Of course, icy headwaters aren’t just refuges for trout; they also harbor trout food. Alpine lakes in many Western states sustain boreal toads, a sensitive and toxic species whose tadpoles trout attack. Streams in Montana and Wyoming support the western glacier stonefly, a threatened insect whose reliance on snow and glacial melt makes it as vulnerable to climate change as any fish. Studies have shown that after cutthroat were released into fishless lakes in the Canadian Rockies, mayfly populations plummeted, while midges and roundworms exploded. “(A) liberal policy on assisted colonization,” researchers concluded, “could cause broad irreversible damage.”

Despite the potential repercussions, research has been scant. One forthcoming review found that just two of more than 200 peer-reviewed studies concerning assisted migration involved fish. Still, biologists have worked to avoid collateral harm. Before moving bull trout to Grace Lake, Muhlfeld surveyed its insects, amphibians and plankton to ensure the release wouldn’t inflict disaster. Rainbow trout have occupied Yellowstone’s Upper Gibbon River for so long that cutthroat couldn’t make things worse. “It’s already been impacted by nonnative fish, so it’s not like we’re dumping trout on top of amphibians or other aquatic animals,” Ertel said. We’ve broken the world so thoroughly that we’ve created the conditions for its repair.

Yet even proponents acknowledge assisted migration’s no panacea. As Muhlfeld noted, skinny, high-elevation refugia aren’t necessarily trout’s preferred habitat, but where they’ve been exiled. One 2019 study found that the best strategy for preserving Rio Grande cutthroat long-term was to prioritize “large watersheds with intact habitat” and natural downstream barriers — places exactly like Sand Creek. The lesson: While assisted migration can buy trout time, we also need to restore entire ecosystems — reconnect rivers to floodplains, demolish dams, reduce withdrawals, eliminate invasives. The gravest danger from assisted migration may not be its side effects, but that we wrongly conclude it’s sufficient.

a man crouches at the edge of a creek holding up a clear plastic bag filled with tiny fish
a man crouches at the edge of a creek holding up a clear plastic bag filled with tiny fish

Dakotah Pinkus, lead fisheries technician for Colorado Parks and Wildlife’s Rio Grande drainage, empties a bag of cutthroat fry into Sand Creek.

AS assisted migration has spread, the term’s meaning has blurred. The Forest Service says that it means any human-directed movement of a species in response to climate change. But when the Utah Division of Wildlife Resources recently produced a video touting its “assisted migration” of cutthroat, it never mentioned climate. Absent the motivation of global warming, was the state practicing assisted migration? Or was it just stocking fish, as states have always done?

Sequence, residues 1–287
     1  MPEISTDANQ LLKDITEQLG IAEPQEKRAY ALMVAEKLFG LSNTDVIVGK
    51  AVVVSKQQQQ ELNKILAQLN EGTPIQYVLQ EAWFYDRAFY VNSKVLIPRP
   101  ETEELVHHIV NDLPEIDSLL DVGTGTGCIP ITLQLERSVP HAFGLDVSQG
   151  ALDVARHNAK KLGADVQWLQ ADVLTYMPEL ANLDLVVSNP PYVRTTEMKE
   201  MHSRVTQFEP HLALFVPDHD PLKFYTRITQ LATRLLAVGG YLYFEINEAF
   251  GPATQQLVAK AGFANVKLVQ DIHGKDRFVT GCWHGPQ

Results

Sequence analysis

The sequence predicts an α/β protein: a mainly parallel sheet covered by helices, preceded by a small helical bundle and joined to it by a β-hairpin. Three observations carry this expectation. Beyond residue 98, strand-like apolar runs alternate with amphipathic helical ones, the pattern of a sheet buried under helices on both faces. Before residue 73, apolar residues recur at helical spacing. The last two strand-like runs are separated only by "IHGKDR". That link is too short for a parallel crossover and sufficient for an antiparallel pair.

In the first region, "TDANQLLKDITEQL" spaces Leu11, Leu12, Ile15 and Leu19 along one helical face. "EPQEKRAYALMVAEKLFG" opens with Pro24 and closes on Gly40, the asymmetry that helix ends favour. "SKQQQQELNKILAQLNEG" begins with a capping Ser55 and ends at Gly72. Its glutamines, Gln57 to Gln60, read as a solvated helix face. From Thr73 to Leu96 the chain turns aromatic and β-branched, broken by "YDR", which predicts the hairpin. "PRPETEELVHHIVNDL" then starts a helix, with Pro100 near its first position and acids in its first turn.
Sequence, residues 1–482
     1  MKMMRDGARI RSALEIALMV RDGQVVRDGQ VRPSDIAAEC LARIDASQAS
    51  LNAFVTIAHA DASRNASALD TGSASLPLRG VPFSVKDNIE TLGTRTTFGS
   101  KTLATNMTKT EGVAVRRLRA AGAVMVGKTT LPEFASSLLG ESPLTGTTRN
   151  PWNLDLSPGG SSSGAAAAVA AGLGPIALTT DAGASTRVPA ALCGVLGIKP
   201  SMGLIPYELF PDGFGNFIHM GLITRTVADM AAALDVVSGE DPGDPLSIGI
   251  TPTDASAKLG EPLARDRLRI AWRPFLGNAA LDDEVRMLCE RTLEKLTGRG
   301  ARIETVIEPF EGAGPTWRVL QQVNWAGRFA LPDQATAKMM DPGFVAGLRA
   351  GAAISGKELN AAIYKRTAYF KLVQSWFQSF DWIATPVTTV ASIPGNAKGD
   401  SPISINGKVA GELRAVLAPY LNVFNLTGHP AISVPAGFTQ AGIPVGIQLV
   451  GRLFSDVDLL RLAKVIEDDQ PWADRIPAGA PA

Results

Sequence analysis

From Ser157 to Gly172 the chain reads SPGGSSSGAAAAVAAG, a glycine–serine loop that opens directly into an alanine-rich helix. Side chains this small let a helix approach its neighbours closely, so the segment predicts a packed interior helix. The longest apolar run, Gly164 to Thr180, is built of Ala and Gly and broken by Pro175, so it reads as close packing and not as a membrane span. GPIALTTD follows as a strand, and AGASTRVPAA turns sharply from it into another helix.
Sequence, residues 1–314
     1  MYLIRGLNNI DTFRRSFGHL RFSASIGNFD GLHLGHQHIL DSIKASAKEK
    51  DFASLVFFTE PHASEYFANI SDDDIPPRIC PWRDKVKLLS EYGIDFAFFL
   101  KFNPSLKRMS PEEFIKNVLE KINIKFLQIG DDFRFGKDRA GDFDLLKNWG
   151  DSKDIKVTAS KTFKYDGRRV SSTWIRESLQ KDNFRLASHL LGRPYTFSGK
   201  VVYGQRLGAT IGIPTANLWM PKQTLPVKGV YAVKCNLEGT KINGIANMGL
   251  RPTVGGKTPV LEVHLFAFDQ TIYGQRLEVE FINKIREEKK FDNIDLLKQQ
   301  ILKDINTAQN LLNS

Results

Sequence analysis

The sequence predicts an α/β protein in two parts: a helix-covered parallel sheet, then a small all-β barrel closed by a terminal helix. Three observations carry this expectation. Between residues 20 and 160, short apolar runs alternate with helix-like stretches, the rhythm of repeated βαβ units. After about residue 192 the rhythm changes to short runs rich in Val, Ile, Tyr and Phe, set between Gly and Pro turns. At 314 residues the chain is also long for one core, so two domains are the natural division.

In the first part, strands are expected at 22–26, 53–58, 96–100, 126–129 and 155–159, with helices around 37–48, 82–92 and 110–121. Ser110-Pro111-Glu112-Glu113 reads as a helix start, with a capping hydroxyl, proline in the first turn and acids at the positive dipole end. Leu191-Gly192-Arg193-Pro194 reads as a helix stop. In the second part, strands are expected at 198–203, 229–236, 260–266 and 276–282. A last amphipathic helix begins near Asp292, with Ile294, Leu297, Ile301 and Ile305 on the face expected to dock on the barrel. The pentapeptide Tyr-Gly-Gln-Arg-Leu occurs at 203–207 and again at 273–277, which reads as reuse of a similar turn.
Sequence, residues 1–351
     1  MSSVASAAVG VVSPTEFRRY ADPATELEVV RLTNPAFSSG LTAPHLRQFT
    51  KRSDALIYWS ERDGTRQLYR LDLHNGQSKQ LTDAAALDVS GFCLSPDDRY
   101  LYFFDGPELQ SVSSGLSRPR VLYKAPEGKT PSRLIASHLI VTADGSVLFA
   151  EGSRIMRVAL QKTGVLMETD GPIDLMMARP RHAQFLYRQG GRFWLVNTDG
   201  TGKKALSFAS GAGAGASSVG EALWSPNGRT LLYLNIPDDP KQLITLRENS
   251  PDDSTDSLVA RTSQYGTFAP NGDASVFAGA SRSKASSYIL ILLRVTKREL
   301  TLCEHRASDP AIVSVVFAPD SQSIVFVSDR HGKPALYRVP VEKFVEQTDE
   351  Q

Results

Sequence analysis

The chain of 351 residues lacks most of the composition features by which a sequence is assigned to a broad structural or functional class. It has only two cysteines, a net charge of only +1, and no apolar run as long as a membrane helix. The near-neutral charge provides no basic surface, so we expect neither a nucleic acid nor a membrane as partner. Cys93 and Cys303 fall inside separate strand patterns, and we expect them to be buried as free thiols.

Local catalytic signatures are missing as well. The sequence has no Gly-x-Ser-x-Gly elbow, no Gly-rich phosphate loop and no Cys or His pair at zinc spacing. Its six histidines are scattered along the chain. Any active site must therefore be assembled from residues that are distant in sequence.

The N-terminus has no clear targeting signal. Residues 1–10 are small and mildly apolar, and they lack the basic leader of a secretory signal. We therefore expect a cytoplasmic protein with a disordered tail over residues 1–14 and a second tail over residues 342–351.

Some of this ambiguity is built into assisted migration, which is less a discrete strategy than an umbrella term that encompasses all manner of interventions. Assisted range expansion, for example — where you move an organism just outside where it’s currently and historically found — is fundamentally different from assisted species migration, where you transplant something to a distant locale. Critics who deride assisted migration as ecological gambling sometimes elide these vagaries, making the concept seem more radical than it is. It’s one thing to move Rio Grande cutthroat into fishless tributaries within their historic range, another to consider shipping them to, say, Montana.  

Assisted migration in the Sand Creek drainage will proceed slowly and with a light touch, if at all. “Those fishless streams are a good potential option that we’ll revisit down the line,” Estevan Vigil told me after the helicopter left. Cutthroat may also move into the cold creeks on their own. “As some of the areas they’re reproducing in become too warm, these tributaries are going to provide places for them to go,” Vigil predicted. This possibility struck me as a promising glimpse into the future: By restoring organisms to their former domains, biologists also give them the opportunity to make their own adaptive decisions, a range expansion both human-assisted and self-directed.

Vigil and I hiked down to Sand Creek, his precious cargo jouncing on his back. The stream tripped over boulders; snow clung to its banks. Vigil unslung his backpack and pulled out the bag of 4-month-old cutthroat. The trout, no longer than a pinkie joint, swirled in their plastic bubble like county-fair goldfish. Vigil tore open the bag and spilled a few into a shallow pool — cautiously at first, to make sure they’d acclimate. The fish righted themselves and swam off. Satisfied, Vigil emptied the bag, and we watched fish dart to and fro like campfire sparks. One by one they drifted toward the current beyond the pool. They faced upstream for a moment, Sand Creek flowing through their open mouths and over their gills, and then they were gone.  

Ben Goldfarb is a High Country News correspondent and the author of Eager: The Surprising, Secret Life of Beavers and Why They Matter. His next book, on the science of road ecology, will be published by W.W. Norton in 2023. 

This story was first published on High Country News